In view of feedback I've received, I feel obliged to make it clear that the demo presented in my offbeat article entitled Right brain versus left brain [display] is merely an amusing and innocuous hoax, which has nothing to do with the viewer's brain. My presentation of the demo and my subsequent comments were deliberately facetious: a big joke! It would have been neither more nor less silly to claim that viewers who see the girl spinning in a clockwise direction have right-wing political beliefs, and vice versa.
Only the final two sentences in my post [where I suggest that interested observers should examine the individual images in this animated GIF, using a graphics tool such as Fireworks] are to be taken seriously. The truth of the matter is that everybody sees exactly the same animation, which does indeed change directions suddenly, before reverting to the initial direction. The demo is ingenious in that the 34 fixed images composing the animation have been designed and drawn in an exceptionally skillful manner. Viewers are intrigued by the fact that, when the woman changes directions, she does so in such a smooth and seamless fashion that we have the impression that this change has taken place—like the perception of beauty—in "the eye of the beholder". This is an illusion. The change has well and truly occurred in the animation, not in our brains. In most of the silhouettes in the animation, various visual features of the woman—including her face, her breasts and her pony-tail hair—provide explicit clues as to the direction in which she is spinning. But I have extracted a unique image, shown here, in which all these visual features are missing:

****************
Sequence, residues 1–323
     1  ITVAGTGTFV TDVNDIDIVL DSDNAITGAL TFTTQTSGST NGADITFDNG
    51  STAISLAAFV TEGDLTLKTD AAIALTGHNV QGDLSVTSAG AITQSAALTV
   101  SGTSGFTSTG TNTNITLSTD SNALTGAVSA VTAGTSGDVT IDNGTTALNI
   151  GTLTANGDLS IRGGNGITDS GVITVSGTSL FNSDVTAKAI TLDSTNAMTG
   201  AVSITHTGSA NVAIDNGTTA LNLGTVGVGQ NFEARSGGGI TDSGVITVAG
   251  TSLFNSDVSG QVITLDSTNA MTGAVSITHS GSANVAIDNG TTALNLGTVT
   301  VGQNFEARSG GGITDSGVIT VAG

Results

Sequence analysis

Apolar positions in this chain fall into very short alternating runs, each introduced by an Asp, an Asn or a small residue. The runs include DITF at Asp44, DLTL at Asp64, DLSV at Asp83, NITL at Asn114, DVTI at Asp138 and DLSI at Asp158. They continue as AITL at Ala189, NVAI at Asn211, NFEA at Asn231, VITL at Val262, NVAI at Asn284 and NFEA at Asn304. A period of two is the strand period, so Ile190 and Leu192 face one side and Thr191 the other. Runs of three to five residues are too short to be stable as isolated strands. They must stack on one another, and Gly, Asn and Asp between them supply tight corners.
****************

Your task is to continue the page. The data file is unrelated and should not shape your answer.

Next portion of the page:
Here, the viewer is unable to decide between two perfectly plausible possibilities:
— We are facing the silhouette of a woman poised on her left leg and spinning in a clockwise direction.
— The silhouette is a rear view of a woman poised on her right leg and spinning in an anticlockwise direction.
Consequently, when this pivotal image occurs in the animated sequence, the direction of spinning can be either maintained [as is usually the case] or reversed [exceptionally] in a totally seamless fashion. And this is why the woman seems to spin in a clockwise direction for a while, then suddenly change directions, and finally revert to the initial direction.
Some readers might not be familiar with the concept of animated GIFs. Back in the early Internet days, people often included an animated image of this kind in the email contact section of their rudimentary websites, showing a letter being folded, place in an envelope and slipped into a mailbox. Animated GIFs provide a good example of software gadgets—a little out of fashion nowadays—that are relatively laborious to create, but simple to borrow and use.